"Though they’re called investments, they’re less liquid than most investments," Christine Kuo, a senior vice president at Moody’s, said at a briefing in Taipei. "So the funding you’re relying on isn’t steady deposits but more sensitive wholesale money. When the market is tighter, the banks’ liquidity management will be more difficult."

Chinese banks are already facing slowing deposit growth amid competition from higher-yielding investments. Deposits climbed an average 12 percent each month in 2015 from a year ago, compared with 15 percent in the five previous years. While interbank rates have become steadier in the past year amid monetary easing, they are still more volatile than in other markets. The three-month Shanghai Interbank Offered Rate moved in a range of 2.3 percentage points over the past year, compared with 0.12 percentage point for the London interbank offered rate of the same tenor.

Banks are also binging on the riskiest class of debt, with lenders other than the biggest five issuing 85 billion yuan of Tier 2 securities in the third quarter after raising 91.7 billion yuan in the three months to June 30. That’s the highest two quarters on record, according to data compiled by Bloomberg. The yield premium investors demand to own Bank of Beijing Co.’s 4.9 percent 2026 bonds over similar-maturity government debt has widened four basis points since June 30 to 168.2 basis points.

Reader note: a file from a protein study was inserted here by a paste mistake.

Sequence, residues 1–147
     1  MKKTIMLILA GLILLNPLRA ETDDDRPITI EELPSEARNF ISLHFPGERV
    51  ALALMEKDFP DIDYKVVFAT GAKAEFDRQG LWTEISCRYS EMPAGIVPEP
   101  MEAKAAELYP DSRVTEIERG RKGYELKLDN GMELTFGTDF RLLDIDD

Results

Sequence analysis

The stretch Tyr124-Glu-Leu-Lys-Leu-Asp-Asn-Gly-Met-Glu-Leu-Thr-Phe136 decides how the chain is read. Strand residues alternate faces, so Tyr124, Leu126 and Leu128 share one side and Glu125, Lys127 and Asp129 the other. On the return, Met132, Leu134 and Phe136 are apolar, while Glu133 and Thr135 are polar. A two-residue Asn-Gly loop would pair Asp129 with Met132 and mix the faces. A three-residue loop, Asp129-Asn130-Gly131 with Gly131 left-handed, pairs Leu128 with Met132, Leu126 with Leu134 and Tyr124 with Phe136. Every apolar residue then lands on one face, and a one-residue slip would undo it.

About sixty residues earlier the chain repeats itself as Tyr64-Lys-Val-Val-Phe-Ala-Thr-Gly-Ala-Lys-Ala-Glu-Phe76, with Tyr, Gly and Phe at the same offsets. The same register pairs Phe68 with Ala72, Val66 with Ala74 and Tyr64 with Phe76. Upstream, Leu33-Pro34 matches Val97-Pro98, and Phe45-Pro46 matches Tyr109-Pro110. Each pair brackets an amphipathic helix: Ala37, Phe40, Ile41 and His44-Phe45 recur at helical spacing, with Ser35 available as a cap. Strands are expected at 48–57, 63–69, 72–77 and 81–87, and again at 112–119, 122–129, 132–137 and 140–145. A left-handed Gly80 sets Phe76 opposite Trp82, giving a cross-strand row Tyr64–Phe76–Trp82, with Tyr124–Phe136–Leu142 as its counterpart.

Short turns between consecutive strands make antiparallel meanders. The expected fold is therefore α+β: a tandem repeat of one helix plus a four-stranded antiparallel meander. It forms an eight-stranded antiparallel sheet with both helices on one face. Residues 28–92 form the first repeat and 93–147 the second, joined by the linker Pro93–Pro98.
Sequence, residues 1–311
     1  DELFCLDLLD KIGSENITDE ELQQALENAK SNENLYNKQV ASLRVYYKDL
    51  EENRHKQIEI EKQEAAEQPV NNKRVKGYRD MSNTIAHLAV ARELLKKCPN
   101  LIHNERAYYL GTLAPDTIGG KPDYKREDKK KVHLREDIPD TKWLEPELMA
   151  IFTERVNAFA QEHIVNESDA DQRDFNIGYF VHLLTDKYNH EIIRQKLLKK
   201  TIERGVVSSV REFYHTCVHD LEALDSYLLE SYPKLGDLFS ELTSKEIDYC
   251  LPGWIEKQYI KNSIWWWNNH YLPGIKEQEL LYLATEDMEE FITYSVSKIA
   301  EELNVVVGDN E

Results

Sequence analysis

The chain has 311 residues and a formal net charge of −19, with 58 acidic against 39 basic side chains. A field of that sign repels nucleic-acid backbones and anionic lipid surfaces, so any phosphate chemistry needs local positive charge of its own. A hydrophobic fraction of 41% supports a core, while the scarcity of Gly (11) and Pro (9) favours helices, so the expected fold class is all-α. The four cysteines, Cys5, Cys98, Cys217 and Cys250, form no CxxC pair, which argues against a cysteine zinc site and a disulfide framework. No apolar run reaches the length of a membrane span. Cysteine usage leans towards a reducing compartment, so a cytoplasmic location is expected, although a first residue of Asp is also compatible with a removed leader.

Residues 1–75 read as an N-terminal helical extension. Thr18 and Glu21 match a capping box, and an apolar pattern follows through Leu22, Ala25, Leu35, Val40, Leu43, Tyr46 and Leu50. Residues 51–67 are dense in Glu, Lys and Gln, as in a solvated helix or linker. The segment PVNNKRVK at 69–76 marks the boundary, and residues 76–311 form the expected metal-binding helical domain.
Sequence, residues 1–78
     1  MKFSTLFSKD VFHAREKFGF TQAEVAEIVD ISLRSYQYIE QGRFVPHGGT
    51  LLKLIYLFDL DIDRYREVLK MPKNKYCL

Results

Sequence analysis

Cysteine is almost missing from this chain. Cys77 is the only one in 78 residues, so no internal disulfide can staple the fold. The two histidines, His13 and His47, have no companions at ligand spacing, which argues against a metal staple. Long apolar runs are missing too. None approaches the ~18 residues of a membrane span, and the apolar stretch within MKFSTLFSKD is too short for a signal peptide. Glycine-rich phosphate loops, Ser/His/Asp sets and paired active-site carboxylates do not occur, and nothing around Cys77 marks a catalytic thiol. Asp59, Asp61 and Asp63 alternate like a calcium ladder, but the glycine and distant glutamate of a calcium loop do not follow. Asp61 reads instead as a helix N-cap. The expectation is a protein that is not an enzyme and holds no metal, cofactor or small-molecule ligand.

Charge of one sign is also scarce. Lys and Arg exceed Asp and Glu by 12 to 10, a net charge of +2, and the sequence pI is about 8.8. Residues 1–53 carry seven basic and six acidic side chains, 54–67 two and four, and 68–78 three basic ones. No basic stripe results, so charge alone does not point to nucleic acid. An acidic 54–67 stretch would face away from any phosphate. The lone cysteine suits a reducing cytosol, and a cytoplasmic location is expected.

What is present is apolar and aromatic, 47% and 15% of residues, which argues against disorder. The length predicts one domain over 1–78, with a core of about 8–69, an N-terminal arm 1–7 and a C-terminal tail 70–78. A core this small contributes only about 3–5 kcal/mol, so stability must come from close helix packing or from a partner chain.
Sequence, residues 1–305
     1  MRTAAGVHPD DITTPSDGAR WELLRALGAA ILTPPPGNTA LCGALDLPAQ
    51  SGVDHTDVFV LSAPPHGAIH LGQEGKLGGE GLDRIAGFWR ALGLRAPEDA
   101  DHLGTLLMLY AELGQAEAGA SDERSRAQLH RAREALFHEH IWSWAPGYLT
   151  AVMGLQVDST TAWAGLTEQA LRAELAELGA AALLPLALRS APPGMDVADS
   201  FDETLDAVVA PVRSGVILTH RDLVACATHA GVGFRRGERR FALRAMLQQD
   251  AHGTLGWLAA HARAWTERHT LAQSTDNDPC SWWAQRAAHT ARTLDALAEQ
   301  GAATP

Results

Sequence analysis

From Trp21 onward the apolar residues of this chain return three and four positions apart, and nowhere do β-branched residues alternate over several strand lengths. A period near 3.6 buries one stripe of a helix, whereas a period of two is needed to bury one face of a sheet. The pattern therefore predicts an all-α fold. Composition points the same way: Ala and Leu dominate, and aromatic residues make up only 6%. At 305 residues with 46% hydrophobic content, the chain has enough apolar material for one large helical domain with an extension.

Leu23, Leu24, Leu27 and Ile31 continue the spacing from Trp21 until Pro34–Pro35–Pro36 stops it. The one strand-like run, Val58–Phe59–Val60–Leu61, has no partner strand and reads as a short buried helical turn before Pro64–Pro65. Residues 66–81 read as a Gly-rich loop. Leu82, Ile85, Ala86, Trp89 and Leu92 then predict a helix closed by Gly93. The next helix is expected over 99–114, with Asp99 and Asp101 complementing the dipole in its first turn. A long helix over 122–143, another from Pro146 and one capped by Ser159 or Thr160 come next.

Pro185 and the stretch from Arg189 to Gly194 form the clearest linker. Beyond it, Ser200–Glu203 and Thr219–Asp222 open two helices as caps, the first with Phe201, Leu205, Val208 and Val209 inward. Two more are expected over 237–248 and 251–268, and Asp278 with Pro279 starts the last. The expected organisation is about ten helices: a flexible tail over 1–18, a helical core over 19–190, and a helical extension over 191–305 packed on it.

Yield Driven

Investments in loans and receivables are more popular with mid-tier banks, which face higher funding costs and are more driven by yields, said Wu at Fitch. Chinese lenders’ net interest margin narrowed to 2.51 percent in the second quarter from 2.73 percent three years ago, CBRC data show. The regulator didn’t respond to a fax seeking comment.

Investors are paying more to hedge their exposure to Chinese credit as growth slows and a plunge in equities since June heightens financial risks. The nation’s credit-default swaps, which pay buyers in the case of a sovereign payment failure, have risen 28 basis points this quarter to a two-year high of 122 on Wednesday. The yuan has declined 2.7 percent since the day before a shock devaluation on Aug. 11.

Manufacturing Contracts

The preliminary Purchasing Managers’ Index from Caixin Media and Markit Economics was at 47.0 for September, missing the median estimate of 47.5 in a Bloomberg survey and below the final reading of 47.3 in the previous month. Readings have remained below 50 since March, indicating contraction.

Shadow financing thrived in China partly to help banks bypass a two-decade-old 75 percent cap on their loan-to-deposit ratios. Now with the rule set to be scrapped on Oct. 1, lenders may be more likely to record credit on their loan books, said Wei at Sanford C. Bernstein.

"If they can lend more with the same amount of deposits, they may not need to hide their loan exposure in other parts of their balance sheet," he said. "The debt receivables is another platform for banks to continue to channel credit into the shadow banking sector. Sooner or later I think regulators will catch up and close the loophole as well."